The idea of sustainability is one that emerged in the 1970s and 80s. In 1972, the UN Conference on the Environment in Stockholm was perhaps the first major international meeting at which observers agreed that environmental degradation was having a negative impact on human populations. By 1987 the famed Brundtland Commission report Our Common Future spelled out an idealistic (perhaps unrealistic?) vision of sustainable development, as “development that meets the needs of the present without compromising the ability of future generations to meet their own needs.”
It seemed easy enough at the time, but the emergence of multiple global environmental catastrophes since then suggests that the way we have been going about development has been anything but sustainable. Hence our current GHG emissions which are contributing to a climate that will be much less hospitable for future generations; or our contamination of the atmosphere and watersheds with pollutants that will clearly have an adverse long term effect; or our overuse and depletion of precious resources, some of which may no longer be around to be used by our grandchildren!
Thus over the years “sustainability” became a fluffy and unrealistic term. Every societal group started to use it, and slowly the term lost its meaning. We knew we were being “environmentally responsible” when we chose not to have our hotel towels washed every day, and when we bought green detergents and hybrid cars. But at the same time we also knew that, in the long run, the entire social structure that had us staying at comfy hotels and buying chemicals made on the other side of world and using cars instead of public transport was a structure that was entirely unsustainable. It is a structure that is entirely unsustainable!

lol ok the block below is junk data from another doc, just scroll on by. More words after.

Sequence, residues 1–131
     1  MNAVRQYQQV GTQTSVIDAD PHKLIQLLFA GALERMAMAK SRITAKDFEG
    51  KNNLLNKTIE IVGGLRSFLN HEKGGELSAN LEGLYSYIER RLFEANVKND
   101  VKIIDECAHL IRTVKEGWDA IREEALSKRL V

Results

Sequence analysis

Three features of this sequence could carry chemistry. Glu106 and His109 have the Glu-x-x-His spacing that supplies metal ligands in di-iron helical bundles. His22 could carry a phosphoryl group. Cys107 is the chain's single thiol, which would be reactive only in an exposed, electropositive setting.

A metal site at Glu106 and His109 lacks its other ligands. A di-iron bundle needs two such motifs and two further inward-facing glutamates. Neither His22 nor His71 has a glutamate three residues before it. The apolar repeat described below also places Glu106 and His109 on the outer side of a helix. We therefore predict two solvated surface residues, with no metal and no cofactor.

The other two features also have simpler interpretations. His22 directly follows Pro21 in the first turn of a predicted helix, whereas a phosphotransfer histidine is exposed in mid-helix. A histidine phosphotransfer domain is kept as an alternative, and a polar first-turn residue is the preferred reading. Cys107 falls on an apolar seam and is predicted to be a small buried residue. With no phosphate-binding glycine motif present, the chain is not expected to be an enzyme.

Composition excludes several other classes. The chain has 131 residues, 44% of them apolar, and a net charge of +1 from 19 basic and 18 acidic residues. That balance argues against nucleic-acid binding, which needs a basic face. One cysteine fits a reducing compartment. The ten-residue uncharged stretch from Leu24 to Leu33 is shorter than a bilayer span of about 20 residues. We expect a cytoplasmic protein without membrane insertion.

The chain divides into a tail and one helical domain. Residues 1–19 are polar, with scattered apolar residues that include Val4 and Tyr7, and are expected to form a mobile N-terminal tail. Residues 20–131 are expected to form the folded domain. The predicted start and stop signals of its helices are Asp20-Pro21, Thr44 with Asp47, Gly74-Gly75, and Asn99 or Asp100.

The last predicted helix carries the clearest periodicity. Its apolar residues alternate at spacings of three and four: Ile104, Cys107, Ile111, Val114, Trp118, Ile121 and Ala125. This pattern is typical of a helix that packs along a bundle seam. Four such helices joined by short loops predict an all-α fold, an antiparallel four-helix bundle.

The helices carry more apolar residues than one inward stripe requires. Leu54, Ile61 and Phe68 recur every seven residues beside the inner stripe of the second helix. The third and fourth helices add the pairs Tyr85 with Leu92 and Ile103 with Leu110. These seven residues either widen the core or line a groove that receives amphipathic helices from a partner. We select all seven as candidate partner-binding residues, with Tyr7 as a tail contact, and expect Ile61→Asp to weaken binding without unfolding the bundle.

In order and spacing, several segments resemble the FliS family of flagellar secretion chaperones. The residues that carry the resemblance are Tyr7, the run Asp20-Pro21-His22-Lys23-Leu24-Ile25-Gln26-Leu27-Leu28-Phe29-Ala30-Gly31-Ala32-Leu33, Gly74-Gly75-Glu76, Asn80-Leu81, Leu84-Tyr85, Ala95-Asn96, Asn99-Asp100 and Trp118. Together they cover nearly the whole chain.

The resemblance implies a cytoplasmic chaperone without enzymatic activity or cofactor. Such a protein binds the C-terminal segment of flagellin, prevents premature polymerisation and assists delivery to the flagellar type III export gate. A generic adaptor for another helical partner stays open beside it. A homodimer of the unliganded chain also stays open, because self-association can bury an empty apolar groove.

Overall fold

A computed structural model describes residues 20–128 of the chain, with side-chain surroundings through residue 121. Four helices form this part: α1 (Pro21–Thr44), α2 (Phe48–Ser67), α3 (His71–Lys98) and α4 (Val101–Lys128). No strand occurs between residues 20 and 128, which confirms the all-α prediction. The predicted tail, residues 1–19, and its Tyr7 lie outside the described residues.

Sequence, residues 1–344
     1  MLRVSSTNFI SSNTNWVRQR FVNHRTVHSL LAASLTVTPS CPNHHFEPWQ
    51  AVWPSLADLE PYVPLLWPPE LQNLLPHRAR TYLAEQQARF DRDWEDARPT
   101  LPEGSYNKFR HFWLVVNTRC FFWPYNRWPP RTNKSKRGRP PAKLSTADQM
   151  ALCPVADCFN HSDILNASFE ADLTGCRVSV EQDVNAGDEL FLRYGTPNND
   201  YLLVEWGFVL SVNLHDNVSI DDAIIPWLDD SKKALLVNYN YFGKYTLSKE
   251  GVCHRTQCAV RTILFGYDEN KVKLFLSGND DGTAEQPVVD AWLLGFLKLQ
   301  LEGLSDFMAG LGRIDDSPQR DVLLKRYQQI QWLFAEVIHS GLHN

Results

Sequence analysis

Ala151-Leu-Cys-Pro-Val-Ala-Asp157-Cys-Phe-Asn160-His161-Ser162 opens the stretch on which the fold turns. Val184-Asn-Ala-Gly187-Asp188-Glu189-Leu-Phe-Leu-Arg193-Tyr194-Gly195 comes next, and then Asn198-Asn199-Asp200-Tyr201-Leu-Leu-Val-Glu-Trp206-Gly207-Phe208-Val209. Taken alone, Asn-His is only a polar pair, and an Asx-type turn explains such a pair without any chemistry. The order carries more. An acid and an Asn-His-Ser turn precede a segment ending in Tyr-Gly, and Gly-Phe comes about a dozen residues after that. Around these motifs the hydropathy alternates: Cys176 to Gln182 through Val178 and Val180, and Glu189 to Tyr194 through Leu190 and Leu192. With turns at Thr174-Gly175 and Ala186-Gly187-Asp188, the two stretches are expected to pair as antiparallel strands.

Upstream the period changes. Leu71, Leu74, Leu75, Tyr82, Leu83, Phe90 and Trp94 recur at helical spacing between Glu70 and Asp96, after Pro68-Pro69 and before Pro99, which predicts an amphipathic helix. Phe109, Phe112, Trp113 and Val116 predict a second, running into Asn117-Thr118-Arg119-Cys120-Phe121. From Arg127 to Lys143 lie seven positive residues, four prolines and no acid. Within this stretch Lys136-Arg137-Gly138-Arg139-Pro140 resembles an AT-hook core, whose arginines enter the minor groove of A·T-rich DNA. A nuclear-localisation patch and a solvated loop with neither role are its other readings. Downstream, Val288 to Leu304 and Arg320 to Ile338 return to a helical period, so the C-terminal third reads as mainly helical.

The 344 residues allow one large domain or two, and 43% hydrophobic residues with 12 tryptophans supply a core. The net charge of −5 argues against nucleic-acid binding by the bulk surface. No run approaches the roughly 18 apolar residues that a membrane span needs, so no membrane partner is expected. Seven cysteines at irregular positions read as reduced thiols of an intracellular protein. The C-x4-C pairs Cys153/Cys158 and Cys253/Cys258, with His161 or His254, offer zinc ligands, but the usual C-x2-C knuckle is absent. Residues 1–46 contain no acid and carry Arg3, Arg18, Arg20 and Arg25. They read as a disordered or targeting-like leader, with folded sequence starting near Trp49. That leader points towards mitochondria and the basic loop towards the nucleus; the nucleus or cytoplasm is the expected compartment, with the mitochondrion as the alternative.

In a way, sustainability ditched us through elusion – we just couldn’t achieve it! Sustainability presents an idea that is just too impossible for us to attain in a society that produces, consumes and wastes far too much. A former professor of mine once clued me in to the desperation that is conjured up by the tough concept of sustainability. He wrote his dissertation on sustainability decades ago, back when it was a new and emerging concept. Yet nowadays he questions whether it is even possible, and he’s lost all confidence in our ability to maintain lives that do not negatively impact our society down the line.
Yet as much as I’ve always been suspicious of the term, and as much as I share the collective doubt in our ability to live sustainably, I think it would be a travesty to lose this concept. To ditch sustainability is to lose hope – something we cannot afford to lose. Losing hope is a one way street to nihilism, and nihilism is a dead end street altogether. Sustainability may be a pipe dream, but at least it depicts the ideal – a goal that we should be working towards. Instead of ditching this tough concept, we should keep it handy – even if it’s just to remind us that we aren’t doing enough! Only then will we have a chance (albeit a very slim chance) of actually reforming our way of living to one that does not ruin it for the generations of tomorrow.